Lucky Chinese Paper Cuttings!

Chinese paper cuttings, 剪纸(jiān zhǐ, also sometimes referred to as 窗花 chuāng huā, meaning window flowers), are commonly used to decorate doors and windows in China. Chinese people believe that hanging the carefully crafted pieces of paper, frequently red, on one’s door can bring good luck and happiness to the whole family. They are more often seen during traditional Chinese festivals, particularly during Chinese New Year. They are also frequently given as presents or gifts to friends or family. In traditional Chinese culture, these paper cuttings can symbolize many aspects of life, such as one’s happiness, longevity, or good harvest.

In the spring festival, each family will paste the Chinese character 福 (fú) on the door, which means “blessings, happiness, and good fortune.” As you can see in the picture below, though, it is always pasted upside down. Why, might you ask? Because the character 到(dào), which means “coming,” and the character 倒(dào), which means “upside down,” have same pronunciation in Chinese. The upside down 福 is actually a pun that implies “福到(倒)了” – good fortune has arrived!


In China’s rural countryside, paper cutting is traditionally a female activity. In the past, all girls were expected to master it, and brides were often judged by their skill. Before marriage, women needed to cut lot of differently styled to decorate their houses, so that their relatives, friends and even neighbors would be able to judge whether or not the girl would make a good wife. Today, though, professional paper cutting artists are usually male, and have guaranteed incomes working together in workshops.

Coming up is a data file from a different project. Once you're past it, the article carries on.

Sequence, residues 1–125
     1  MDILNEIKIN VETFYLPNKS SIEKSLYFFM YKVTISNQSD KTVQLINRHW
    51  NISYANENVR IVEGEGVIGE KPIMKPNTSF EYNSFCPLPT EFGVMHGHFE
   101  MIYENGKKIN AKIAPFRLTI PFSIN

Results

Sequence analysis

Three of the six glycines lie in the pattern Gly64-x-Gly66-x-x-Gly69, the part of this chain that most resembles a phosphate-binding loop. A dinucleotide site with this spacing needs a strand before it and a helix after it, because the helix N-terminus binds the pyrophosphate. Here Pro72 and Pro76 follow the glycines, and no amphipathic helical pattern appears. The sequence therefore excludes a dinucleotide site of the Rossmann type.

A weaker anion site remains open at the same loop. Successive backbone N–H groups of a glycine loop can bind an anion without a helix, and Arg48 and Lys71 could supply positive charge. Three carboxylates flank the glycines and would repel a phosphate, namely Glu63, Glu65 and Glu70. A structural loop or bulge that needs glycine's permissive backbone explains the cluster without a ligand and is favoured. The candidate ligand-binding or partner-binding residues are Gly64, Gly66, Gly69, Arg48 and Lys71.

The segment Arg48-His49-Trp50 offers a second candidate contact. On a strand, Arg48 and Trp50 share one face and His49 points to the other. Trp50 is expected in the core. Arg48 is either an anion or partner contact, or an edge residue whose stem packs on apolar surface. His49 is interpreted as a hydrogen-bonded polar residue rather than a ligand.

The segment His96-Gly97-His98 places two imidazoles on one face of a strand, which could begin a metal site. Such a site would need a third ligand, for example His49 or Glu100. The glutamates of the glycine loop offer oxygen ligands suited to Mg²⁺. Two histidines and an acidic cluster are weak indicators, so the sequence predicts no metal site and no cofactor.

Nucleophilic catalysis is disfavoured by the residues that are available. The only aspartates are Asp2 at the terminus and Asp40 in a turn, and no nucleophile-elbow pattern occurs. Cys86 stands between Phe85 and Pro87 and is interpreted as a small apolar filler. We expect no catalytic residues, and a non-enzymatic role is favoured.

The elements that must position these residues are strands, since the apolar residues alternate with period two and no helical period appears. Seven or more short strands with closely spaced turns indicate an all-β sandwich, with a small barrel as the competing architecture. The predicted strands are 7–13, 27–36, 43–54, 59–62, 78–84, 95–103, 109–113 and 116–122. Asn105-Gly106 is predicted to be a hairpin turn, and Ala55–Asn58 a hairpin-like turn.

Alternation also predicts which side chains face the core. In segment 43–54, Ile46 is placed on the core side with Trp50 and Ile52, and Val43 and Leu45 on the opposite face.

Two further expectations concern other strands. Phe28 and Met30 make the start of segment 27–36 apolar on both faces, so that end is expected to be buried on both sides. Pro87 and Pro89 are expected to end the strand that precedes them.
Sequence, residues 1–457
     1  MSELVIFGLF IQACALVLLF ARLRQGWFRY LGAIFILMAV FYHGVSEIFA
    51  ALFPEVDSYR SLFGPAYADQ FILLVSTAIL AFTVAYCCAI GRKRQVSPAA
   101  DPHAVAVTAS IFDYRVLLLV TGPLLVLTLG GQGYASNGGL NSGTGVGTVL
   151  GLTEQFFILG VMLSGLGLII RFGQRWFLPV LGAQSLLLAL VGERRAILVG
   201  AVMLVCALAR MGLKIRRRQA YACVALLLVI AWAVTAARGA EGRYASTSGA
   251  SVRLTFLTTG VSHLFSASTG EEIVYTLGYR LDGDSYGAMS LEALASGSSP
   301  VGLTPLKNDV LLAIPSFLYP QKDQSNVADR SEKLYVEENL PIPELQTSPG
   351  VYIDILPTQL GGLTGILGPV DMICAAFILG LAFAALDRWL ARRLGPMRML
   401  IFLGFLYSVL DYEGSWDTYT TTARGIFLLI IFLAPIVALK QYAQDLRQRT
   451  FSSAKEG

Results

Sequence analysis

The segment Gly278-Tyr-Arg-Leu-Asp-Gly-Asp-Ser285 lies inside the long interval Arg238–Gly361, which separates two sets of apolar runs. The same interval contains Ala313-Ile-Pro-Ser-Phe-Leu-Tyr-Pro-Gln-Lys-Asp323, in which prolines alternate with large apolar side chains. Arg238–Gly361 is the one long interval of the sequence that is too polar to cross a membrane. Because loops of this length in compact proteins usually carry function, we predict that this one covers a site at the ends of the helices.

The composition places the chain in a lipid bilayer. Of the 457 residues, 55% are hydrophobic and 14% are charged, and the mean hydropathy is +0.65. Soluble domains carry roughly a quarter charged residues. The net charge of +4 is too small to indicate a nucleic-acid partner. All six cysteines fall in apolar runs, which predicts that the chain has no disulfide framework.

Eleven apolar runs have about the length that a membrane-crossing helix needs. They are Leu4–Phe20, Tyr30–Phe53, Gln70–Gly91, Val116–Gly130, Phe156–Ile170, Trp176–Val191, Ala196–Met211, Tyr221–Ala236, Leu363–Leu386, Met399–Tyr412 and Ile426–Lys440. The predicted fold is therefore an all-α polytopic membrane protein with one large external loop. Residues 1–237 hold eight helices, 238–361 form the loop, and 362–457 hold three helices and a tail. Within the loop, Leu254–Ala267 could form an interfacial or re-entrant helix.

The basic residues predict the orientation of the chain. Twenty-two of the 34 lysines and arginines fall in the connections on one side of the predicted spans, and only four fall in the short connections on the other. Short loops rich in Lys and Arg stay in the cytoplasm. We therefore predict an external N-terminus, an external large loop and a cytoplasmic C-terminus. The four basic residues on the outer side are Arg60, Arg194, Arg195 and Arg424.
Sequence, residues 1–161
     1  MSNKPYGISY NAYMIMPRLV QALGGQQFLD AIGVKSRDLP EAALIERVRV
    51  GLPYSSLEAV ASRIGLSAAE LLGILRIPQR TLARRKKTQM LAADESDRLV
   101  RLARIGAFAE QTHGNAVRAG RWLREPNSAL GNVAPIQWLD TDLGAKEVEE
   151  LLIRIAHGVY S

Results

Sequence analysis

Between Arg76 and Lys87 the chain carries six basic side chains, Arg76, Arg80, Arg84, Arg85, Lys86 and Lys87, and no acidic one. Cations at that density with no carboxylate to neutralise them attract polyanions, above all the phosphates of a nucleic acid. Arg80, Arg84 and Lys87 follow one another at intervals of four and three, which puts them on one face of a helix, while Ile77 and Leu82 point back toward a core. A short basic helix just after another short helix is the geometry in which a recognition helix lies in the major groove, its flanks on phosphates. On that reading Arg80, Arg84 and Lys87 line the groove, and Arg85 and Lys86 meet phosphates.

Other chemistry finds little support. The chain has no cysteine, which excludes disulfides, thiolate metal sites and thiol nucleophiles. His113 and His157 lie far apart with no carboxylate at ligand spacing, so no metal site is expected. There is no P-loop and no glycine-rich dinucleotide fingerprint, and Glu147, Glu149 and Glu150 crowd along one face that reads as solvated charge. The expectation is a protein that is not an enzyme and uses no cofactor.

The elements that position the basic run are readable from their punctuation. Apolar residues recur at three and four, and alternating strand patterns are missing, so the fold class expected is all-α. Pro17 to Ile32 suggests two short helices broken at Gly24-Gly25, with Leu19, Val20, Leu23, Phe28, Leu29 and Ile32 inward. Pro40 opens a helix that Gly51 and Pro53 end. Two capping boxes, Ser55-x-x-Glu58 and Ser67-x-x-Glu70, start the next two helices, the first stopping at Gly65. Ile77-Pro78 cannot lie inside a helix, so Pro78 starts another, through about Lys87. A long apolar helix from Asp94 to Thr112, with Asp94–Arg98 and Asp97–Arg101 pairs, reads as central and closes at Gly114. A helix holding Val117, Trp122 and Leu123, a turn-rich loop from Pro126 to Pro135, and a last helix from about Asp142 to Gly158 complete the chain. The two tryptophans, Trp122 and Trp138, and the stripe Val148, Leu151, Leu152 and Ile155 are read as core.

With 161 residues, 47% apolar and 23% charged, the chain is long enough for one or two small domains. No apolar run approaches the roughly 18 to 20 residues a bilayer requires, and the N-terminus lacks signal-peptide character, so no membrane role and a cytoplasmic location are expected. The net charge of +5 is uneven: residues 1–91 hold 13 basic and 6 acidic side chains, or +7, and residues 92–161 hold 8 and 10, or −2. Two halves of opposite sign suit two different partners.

As you might know, paper was invented in China by Cai Lun during the Eastern Han Dynasty (25-220). The oldest surviving paper cutout is a symmetrical circle from the 6th century found in Xinjiang.  From the 7th to the 13th century, paper cutting became especially popular during Chinese holiday festivals. In the 14th century, The art form spread to the rest of the world. Throughout the rest of the Qing Dynasty, many paper-cutting skills were developed, including drafting and the use of smoked papers. As the Qing dynasty came to an end, however, new art forms were being introduced, so fewer and fewer people became interested in traditional Chinese crafts. The Republic of China has actively tried to revive the art since the 1980s, and as part of the country’s cultural heritage, many teenagers are encouraged to learn paper cuttings. In fact, today many International Colleges in China offer paper cutting as a Chinese cultural course!